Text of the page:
Cold War is acutely aware of its environment and the conditions that regular citizens faced following the end of World War 2. Rubble still fills the streets next to gleaming new buildings meant to symbolize progress and prosperity, characters routinely discuss the potential consequences of actions as simple as visiting another country or planning another meeting together. Wictor’s unwillingness to conform to what is required turns him into an unofficial refugee, and each time we meet him he has moved to a new country with a new goal, unable to find stability or safety anywhere. Zuzanna chooses to blend in at the cost of her own happiness and well-being. Kot and Kulig play their parts with such authenticity and quiet desperation that it feels as if they have known each other for their entire lives, and being apart is a fate worse than death. Each moment they share the frame is filled chemistry, you never doubt these two are madly in love, even if you know very little about them.

Cold War also represents the pinnacle of black and white cinematography in the 2010’s. The same year Cold War was released, Alfonso Cuarón came out with Roma, another intimate story set against political turmoil also told in monochrome. Cuarón (who also served as cinematographer) chooses to keep his camera static with the intention of creating frames that resemble a still life painting. Pawlikowski and Żal keep the camera moving, often going handheld as in a particularly notable scene in which Zuzanna throws herself into a sea of dancing bodies as she desperately searches for a partner to make Wiktor jealous to the song Rock Around the Clock. Żal also proves to be adept at crowd compositions: throughout the first act of the film Kulig is placed in a group, be it children, dancers, or government officials, but is always framed so that her face seems to pop from the frame out at us, alerting us to her presence.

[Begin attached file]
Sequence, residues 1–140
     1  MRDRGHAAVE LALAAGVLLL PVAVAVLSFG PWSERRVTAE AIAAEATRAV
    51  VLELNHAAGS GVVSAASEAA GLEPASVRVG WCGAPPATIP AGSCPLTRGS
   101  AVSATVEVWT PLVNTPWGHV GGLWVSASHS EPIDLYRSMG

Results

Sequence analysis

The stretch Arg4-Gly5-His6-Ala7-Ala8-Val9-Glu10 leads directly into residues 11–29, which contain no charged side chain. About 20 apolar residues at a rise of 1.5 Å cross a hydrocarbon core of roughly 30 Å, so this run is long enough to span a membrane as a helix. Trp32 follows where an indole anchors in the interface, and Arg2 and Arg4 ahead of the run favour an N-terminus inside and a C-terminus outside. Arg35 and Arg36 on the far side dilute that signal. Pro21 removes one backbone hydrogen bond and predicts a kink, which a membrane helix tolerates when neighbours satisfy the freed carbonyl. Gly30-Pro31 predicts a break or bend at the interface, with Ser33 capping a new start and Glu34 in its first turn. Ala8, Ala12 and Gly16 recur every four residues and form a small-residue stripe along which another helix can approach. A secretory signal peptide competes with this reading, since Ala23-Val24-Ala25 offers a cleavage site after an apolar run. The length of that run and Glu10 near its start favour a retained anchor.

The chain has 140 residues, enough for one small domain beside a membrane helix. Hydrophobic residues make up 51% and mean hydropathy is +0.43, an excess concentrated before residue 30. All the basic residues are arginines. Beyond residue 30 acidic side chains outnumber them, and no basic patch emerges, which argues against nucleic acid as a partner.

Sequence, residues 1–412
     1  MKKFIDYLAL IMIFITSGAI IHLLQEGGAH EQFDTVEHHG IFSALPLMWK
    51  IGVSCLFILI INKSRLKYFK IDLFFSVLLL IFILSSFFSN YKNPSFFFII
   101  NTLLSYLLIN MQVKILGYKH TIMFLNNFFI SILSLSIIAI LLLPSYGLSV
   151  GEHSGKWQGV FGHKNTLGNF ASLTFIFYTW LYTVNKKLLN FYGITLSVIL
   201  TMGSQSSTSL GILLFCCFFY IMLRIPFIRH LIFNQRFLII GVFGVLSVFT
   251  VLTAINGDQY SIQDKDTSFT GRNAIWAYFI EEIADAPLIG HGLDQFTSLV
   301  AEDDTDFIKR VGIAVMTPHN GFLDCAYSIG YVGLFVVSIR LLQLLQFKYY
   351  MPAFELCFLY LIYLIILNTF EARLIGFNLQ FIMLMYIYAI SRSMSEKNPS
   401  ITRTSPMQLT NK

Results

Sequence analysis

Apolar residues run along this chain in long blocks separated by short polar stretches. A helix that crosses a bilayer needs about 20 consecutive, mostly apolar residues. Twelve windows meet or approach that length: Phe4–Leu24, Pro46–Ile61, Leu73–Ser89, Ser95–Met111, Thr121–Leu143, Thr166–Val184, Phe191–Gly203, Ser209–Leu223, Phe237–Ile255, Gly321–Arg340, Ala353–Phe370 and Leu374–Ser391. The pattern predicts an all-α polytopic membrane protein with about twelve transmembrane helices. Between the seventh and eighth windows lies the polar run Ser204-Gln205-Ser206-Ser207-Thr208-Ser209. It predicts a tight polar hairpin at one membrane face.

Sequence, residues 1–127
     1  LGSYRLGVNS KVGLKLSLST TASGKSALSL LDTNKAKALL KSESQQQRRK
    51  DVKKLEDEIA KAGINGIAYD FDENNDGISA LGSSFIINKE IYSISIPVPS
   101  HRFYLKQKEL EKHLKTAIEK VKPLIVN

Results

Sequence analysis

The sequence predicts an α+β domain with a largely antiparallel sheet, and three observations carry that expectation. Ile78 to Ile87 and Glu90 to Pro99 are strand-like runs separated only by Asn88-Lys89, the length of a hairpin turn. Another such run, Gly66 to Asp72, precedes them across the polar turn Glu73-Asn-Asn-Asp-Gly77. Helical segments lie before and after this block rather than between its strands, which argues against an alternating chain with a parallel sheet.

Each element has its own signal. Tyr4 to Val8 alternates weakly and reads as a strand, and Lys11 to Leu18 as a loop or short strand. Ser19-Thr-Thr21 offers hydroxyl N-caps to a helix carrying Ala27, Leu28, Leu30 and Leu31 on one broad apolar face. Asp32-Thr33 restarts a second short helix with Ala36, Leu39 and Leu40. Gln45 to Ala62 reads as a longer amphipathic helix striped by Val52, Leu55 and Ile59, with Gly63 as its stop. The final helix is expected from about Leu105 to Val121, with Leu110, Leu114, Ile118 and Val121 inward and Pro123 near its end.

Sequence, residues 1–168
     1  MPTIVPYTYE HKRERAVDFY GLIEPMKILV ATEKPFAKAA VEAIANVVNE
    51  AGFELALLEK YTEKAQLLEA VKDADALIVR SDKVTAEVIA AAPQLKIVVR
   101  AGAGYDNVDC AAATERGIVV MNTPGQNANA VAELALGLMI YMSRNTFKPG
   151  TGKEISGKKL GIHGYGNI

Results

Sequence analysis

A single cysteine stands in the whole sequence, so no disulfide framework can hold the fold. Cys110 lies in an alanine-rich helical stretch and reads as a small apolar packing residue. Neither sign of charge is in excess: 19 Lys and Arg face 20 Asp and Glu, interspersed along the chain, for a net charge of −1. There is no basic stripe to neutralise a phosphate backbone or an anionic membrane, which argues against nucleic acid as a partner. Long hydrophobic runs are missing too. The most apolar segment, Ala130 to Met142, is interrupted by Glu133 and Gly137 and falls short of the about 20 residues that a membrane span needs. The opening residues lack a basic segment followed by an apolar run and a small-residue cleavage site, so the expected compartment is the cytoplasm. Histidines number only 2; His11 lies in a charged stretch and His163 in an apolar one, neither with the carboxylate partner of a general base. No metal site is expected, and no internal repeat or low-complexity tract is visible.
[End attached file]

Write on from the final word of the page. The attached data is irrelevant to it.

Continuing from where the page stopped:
Pawlikowski modeled the story of Cold War on his parents, who fell in love under Stalin’s regime and moved from country to country often, and this attachment shines through in his treatment of the characters. We never lose sympathy for Wiktor or Zuzanna even when they hurt each other or make unwise decisions that land them in prison. He very obviously cares deeply for each of them and always takes care to show their dignity, even at their lowest points towards the end of the film. Even though the couple’s fate does not match up with that of his parents, the final shot of Cold War is filled with a quiet beauty and resignation to what could have been but never truly was, despite their best efforts. 

It is a shame that Cold War had to open around the same time as Roma, a much flashier film, both technically and dramatically, that took awards season by storm. Cold War still managed to shine, picking up the best director prize at Cannes and earning Oscar nominations for best foreign film, director, and cinematography, all three of which went to Roma. Cuarón’s film is a masterpiece in its own right, but Cold War prevails as the superior movie in nearly every aspect, with its memorable characters, stunning camerawork, and a surprisingly timely story on the sanctity of art. I wouldn’t be surprised if Cold War is regarded as one of the best pictures of the decade in the future.